Hemisphere:  Northern  ·  Constellation: Vulpecula (Vul)  ·  Contains:  Dumbbell Nebula  ·  Dumbbell nebula  ·  M 27  ·  M27  ·  NGC 6853  ·  PK060-03.1
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Dumbbell Nebula, m27 - eVscope 20m, Bortle 4, 



    
        

            psychwolf
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Dumbbell Nebula, m27 - eVscope 20m, Bortle 4

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Dumbbell Nebula, m27 - eVscope 20m, Bortle 4, 



    
        

            psychwolf
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Dumbbell Nebula, m27 - eVscope 20m, Bortle 4

Technical card

Imaging telescopes or lenses: Unistellar eVscope 114mm f/4.5 Reflector w/ integrated Sony IMX224 sensor

Imaging cameras: Sony IMX224

Mounts: Unistellar eVscope

Guiding telescopes or lenses: Unistellar eVscope

Guiding cameras: Sony IMX224

Software: Annie's Astro Actions  ·  Adobe Inc photoshop CS6  ·  Unistellar eVscope Software

Filters: Omega Optical VHT - Very High Throughput Nebula


Dates:May 13, 2021

Frames:Omega Optical VHT - Very High Throughput Nebula: 300x4" (20') 6C

Integration: 20'

Darks: ~1

Avg. Moon age: 1.52 days

Avg. Moon phase: 2.60%

Bortle Dark-Sky Scale: 4.00

Mean SQM: 20.76

Temperature: 5.50


Astrometry.net job: 4497442

RA center: 19h 59' 40"

DEC center: +22° 45' 6"

Pixel scale: 1.029 arcsec/pixel

Orientation: -51.016 degrees

Field radius: 0.382 degrees


Resolution: 2134x1600

Locations: Greater Milwaukee Area, Milwaukee, Wisconsin, United States

Data source: Traveller

Description

Took advantage of a clear moonless night to travel up to a Bortle 4/5 zone and enjoy some sky surfing with the Unistellar eVscope just north of the Milwaukee city lights. For M27, I've attached a VHT 1.25" Omega filter designed for nebulosity in front of the camera sensor. The VHT is designed to allow more light through, especially when observing with a smaller reflector like this. I liked the output under no moon, and it helped with the Owl Nebula as well, which I'm going to do a little added post-processing later.

Aside from some light processing to upscale, denoise a bit, there's not a ton of further work done on this, so the view here is fairly similar to what I was seeing from my tablet as I watched the photons average out and intensify live in the field. Overall, it's pretty fun for only 20 minutes of accumulation, and just 1 dark file taken. This means less time processing and more time enjoying objects under the skies. Setup was under 10 minutes down and up, which was nice when I left at 1:30am.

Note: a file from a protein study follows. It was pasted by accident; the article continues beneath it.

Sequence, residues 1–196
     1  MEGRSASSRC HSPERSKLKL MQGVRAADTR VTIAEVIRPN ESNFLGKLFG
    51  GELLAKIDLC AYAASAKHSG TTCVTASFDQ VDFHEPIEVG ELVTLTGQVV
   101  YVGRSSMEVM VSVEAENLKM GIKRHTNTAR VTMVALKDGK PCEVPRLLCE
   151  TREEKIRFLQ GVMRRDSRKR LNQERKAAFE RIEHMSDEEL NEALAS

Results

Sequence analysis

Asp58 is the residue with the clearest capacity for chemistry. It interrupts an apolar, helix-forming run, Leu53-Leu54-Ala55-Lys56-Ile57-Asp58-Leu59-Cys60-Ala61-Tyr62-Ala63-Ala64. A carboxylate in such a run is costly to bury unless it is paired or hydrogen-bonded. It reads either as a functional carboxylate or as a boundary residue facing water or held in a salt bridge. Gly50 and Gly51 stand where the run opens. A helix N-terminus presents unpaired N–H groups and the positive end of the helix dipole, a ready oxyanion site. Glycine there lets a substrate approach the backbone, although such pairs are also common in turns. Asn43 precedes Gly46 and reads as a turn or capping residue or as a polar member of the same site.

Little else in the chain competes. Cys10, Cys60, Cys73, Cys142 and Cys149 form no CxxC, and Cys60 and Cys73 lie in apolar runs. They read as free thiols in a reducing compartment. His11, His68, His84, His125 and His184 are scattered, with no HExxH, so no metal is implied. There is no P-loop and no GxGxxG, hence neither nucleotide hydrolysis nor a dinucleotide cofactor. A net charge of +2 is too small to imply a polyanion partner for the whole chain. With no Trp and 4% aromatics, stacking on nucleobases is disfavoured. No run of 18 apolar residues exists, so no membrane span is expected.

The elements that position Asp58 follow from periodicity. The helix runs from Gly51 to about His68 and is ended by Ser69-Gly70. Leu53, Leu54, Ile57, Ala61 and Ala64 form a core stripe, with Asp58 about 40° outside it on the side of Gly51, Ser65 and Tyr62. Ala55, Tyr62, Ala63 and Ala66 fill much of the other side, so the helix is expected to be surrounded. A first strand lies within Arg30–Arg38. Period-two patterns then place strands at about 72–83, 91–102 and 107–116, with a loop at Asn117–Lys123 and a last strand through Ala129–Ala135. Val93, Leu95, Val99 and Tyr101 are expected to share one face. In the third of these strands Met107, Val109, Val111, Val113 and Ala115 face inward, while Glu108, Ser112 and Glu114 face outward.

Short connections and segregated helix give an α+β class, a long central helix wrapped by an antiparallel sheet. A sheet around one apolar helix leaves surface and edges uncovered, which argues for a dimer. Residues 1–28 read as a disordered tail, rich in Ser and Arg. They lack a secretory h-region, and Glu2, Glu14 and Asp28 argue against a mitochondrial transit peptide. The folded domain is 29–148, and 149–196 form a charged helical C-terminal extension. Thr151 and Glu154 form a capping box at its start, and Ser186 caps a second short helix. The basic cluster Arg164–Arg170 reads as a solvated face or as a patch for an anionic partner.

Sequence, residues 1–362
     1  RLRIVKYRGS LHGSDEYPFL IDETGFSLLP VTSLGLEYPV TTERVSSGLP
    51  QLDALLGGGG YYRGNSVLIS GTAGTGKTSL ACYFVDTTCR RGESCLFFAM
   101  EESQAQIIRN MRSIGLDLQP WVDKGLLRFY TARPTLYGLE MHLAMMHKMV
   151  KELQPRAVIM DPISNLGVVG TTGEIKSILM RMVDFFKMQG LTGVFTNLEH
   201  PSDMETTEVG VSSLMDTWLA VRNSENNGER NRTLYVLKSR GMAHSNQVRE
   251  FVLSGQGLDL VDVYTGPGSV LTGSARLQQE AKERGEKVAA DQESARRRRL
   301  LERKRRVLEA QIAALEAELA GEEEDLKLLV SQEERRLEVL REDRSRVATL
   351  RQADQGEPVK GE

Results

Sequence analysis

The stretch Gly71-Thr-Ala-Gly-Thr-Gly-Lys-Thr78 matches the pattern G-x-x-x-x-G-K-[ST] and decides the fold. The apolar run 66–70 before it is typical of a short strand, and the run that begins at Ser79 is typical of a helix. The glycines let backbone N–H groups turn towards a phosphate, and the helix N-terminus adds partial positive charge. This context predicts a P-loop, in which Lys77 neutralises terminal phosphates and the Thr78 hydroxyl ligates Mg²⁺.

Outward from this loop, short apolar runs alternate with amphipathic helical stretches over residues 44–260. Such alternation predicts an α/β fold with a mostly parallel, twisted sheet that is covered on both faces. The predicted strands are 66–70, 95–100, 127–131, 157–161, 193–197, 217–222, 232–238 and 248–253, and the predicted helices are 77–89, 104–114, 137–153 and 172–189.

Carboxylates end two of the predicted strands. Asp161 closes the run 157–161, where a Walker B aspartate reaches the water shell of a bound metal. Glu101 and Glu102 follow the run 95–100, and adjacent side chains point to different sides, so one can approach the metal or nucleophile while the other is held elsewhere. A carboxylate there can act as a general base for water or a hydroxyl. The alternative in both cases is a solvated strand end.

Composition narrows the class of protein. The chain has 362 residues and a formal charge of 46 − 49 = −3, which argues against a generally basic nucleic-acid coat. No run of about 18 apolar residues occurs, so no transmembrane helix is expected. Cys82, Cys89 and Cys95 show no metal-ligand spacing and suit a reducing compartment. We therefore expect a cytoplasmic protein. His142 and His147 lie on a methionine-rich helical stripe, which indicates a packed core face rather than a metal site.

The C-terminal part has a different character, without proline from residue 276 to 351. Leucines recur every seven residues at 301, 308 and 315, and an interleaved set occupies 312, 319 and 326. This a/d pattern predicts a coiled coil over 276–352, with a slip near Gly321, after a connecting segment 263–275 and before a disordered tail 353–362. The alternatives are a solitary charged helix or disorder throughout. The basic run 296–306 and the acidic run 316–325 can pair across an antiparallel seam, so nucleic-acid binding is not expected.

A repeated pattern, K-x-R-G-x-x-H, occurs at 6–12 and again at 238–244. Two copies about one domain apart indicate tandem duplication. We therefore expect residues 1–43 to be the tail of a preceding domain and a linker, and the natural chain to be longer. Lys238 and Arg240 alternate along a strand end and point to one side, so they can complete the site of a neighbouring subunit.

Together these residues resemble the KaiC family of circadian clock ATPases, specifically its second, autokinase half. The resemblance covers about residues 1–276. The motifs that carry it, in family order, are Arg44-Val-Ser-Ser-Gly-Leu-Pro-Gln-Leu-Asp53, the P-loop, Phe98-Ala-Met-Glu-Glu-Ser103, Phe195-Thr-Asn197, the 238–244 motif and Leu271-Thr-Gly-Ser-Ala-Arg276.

The software in the eVscope stacks exposures of a few seconds, over the total time you leave it on. For anyone not familiar, I'd consider the eVscope to be a cross between EAA astronomy and astrophotography.

More info from a paper published online - " the eVscope is equipped with a sensor located at the prime focus of the telescope. The sensor is a CMOS low-light detector IMX224 (1/3-type, 1.27megapixels, 12-bit, up to 60 fps) produced by Sony and characterized by a gain amplifier of up to 72 dB and a low-read noise of less than 1 e- which allows recording of multiple frames with an exposure time between 1ms and 4s. An on-board computer stacks and processes those frames (dark and background removal, shiftadding and stacking) to produce an improved image." As an EAA element, the scope also projects this view to an "eyepiece" OLED display inside the scope, plus via wireless networking.

Comments

Revisions

  • Dumbbell Nebula, m27 - eVscope 20m, Bortle 4, 



    
        

            psychwolf
    Original
  • Final
    Dumbbell Nebula, m27 - eVscope 20m, Bortle 4, 



    
        

            psychwolf
    C

C

Description: Cleared up background, reduced noise, along with a slight curve decrease in the red channel, then flattened the final to get a little closer to what you'd expect to see. This added another 10 minutes to post-processing, but keeping it light still.

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Sky plot

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Dumbbell Nebula, m27 - eVscope 20m, Bortle 4, 



    
        

            psychwolf